The problem that the Army faces is that its adventures in the Balkans, Iraq and Afghanistan have led to it being associated with long term deployments into unpleasant locations and not achieving an enormous amount. Sure the wars have been won quickly, but there is a difference between being an Army used to win a war, and an Army used for fighting to keep the peace. There is seemingly little popular support for protracted engagements on the ground, particularly when the sole outcome seems to be negative headlines, deaths of troops and a sense that the investment does not necessarily seem to be producing the desired outcome.

The argument against reductions seems to be that we live in an uncertain world and we do not know what the next military problem may be. This is a reasonable argument to make, but in a world where the UK is an island nation, where defence expenditure in our local part of the world is declining and where there is seemingly no direct strategic threat to our existence, it is hard to see what the threat is that would warrant maintenance of a Regular Army of 100,000 personnel. Any deployment or use of that force would almost certainly be during an operation of choice, not necessity, and by definition would be an expeditionary operation. The public have little taste for such operations at present, and as noted, the cost of sustaining such capabilities remains extraordinarily high. Ironically what seems to be missed by most commentators is that the SDSR (and arguably all Defence reviews since 1991) are trying to help fund an Army capable of going overseas to fight the sort of operations that the Army itself wants to be able to do assuming the support existed for them to do it. What the commentators don’t seem to get is that such operations are very expensive and require a lot of specialised equipment and support which limits how many people you can deploy. In other words, based on the budget we have, the Army is being sized to a level which can be afforded.

The role of the AR in this is simple – it will be able to provide a wider pool of manpower to augment on those occasions when operations occur at the higher levels of effort (which historically seem to happen about every 10-20 years) and provide support when required in other areas as part of a total force. Its not about sticking part time Guardsmen on the Mall, but about restructuring so that rather than having 20,000 troops sticking around which the MOD cannot afford to equip to the highest levels or deploy, that those troops are instead available when needed as a reserve component.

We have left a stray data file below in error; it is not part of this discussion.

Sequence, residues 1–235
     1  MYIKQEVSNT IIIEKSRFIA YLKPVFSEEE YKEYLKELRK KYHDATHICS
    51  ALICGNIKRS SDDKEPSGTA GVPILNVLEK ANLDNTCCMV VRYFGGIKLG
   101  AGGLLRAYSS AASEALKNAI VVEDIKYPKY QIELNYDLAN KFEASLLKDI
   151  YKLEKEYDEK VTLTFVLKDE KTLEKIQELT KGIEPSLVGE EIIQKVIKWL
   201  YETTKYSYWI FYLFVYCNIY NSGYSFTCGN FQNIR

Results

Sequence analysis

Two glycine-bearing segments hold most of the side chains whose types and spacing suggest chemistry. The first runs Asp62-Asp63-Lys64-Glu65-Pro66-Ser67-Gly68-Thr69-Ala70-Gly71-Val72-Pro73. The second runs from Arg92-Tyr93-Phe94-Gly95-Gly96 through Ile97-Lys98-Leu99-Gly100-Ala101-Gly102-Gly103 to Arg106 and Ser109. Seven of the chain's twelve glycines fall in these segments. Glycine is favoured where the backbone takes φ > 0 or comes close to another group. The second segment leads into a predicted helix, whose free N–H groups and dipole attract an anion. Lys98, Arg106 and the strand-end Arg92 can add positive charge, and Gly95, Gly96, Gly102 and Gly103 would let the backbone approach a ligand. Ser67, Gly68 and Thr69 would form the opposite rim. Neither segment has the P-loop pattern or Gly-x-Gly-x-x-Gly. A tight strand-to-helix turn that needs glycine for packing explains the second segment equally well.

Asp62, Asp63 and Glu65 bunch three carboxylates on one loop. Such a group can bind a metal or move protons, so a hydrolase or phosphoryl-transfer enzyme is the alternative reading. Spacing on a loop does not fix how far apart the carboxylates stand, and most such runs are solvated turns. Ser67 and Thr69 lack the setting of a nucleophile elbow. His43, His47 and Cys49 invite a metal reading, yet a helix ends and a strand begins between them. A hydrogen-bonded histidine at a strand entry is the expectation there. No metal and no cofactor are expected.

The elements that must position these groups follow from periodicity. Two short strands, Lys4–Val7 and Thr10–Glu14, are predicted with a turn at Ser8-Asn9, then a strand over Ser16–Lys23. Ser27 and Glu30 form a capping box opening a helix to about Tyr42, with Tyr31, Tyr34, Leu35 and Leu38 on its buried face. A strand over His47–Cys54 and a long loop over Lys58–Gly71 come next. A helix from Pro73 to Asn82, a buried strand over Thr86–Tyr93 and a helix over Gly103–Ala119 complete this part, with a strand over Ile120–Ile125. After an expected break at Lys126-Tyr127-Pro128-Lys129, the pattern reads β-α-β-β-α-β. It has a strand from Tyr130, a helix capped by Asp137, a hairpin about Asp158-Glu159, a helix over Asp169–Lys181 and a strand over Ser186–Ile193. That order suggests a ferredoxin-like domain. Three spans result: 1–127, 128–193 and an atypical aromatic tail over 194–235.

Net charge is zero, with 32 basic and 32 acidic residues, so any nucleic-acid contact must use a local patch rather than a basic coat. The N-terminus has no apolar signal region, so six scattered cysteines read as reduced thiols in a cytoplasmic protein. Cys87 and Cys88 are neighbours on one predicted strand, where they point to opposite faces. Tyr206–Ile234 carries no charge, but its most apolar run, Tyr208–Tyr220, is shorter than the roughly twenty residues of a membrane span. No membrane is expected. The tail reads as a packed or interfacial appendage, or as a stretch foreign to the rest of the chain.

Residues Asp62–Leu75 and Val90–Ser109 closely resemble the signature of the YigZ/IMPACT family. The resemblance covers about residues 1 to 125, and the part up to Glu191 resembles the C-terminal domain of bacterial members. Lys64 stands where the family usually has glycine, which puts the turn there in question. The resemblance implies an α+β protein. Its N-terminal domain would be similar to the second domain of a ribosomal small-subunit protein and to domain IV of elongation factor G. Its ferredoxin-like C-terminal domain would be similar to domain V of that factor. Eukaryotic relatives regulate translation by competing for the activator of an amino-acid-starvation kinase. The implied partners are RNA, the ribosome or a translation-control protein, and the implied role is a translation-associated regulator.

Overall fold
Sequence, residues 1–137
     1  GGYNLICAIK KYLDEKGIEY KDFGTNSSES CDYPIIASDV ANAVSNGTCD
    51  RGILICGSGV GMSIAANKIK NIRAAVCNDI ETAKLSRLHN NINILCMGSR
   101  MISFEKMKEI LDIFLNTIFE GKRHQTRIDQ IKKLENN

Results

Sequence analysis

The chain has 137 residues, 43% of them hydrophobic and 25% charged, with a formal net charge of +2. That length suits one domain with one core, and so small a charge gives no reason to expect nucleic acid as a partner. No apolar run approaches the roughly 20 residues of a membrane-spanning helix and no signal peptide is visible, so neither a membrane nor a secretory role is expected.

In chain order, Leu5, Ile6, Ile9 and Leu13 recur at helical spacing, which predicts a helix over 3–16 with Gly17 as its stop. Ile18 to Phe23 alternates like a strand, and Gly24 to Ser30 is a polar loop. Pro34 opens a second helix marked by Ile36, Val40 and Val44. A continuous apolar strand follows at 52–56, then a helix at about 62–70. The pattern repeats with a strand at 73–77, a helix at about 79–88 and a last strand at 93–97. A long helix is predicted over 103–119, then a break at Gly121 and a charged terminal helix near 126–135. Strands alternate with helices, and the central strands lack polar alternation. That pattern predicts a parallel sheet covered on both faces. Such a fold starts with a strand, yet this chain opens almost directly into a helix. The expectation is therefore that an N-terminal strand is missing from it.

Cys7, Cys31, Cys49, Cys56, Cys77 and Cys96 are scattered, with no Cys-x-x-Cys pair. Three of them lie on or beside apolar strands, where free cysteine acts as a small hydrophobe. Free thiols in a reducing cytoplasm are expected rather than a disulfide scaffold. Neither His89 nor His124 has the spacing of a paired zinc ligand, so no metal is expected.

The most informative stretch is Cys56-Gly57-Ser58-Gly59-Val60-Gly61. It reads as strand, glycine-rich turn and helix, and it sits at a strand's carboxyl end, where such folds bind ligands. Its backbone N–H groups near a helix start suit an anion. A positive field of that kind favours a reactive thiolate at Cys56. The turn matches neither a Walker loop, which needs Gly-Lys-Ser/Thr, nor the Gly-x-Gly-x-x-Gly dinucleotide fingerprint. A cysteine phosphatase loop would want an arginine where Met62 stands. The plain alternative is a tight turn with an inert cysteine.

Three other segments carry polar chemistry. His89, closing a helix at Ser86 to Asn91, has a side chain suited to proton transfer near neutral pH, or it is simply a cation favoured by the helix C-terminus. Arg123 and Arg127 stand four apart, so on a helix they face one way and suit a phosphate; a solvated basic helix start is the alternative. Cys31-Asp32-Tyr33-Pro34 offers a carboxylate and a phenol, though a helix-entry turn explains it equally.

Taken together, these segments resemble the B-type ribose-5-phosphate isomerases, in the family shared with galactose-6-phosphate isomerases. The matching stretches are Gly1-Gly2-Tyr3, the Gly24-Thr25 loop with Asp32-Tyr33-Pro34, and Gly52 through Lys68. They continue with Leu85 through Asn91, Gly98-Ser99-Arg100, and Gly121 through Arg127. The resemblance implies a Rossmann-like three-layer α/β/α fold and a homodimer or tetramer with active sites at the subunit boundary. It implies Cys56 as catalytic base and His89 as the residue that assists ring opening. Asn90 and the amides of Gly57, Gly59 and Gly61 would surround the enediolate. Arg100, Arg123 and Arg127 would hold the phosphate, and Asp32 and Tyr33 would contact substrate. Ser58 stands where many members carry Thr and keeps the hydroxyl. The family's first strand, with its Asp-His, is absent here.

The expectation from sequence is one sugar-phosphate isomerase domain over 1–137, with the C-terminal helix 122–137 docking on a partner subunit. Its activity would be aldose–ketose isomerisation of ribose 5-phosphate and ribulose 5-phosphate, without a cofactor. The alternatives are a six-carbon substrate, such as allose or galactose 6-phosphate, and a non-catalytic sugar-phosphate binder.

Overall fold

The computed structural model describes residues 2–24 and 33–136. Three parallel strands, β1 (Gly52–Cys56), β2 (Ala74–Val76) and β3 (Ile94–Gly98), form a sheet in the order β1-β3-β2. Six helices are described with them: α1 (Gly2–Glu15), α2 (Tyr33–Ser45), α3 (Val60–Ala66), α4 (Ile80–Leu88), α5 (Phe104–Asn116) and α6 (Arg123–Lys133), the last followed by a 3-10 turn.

There is no likelihood of an ‘Active Edge’ being called which necessitates the mobilisation of the Army in 72 hours anymore. Instead we know that there is likely to be either short term intervention, for which the UK has plenty of extremely capable spearhead forces, or if the operation becomes enduring, then the AR can be called upon to provide additional bodies as required to generate the follow on forces. Given all troops (both regular and AR) undergo the same OPTAG for HERRICK, its reasonable to assume that by the time mobilised troops get to theatre, they will be of a reasonable standard to do the role required of them.

Perhaps the problem is a combination of Regular Army personnel sensing a loss of career opportunities, coupled with an unwillingness to adapt to the new operational environment. In the last 25 years the Army has gone from being a force waiting to fight for the end of the world in Germany, to a force required to deploy on constant operations. There seems to be an unwillingness to accept that the days of constant operations and sustained deployments are drawing to a close. The willingness of politicians and the public to accept the sort of ongoing HERRICK tours is probably at an end. The future is clearly set out in the SDSR – its about small interventions for a short period of time, at levels which can easily be supported by an Army of 82,000 plus the AR. The future Army will be deployed, but on less regular operations and probably for ‘one offs’ and not a grinding series of tours. This does mean a mentality shift, and a refocusing of expectations. The RN and RAF seemed to have accepted this many years ago, and it is notable that for the last few years they have increased their efforts in ‘defence engagement’ and highlighting the value that ships and aircraft can provide in supporting UK interests around the world (just look at the Gulf where the RN and RAF are the focus of pretty much all UK defence engagement in the region). The future for the Army has to be one where it is seen as a critical player, but one that will arguably play second fiddle to airpower and seapower, which offer more flexibility and less likelihood of long term entanglements.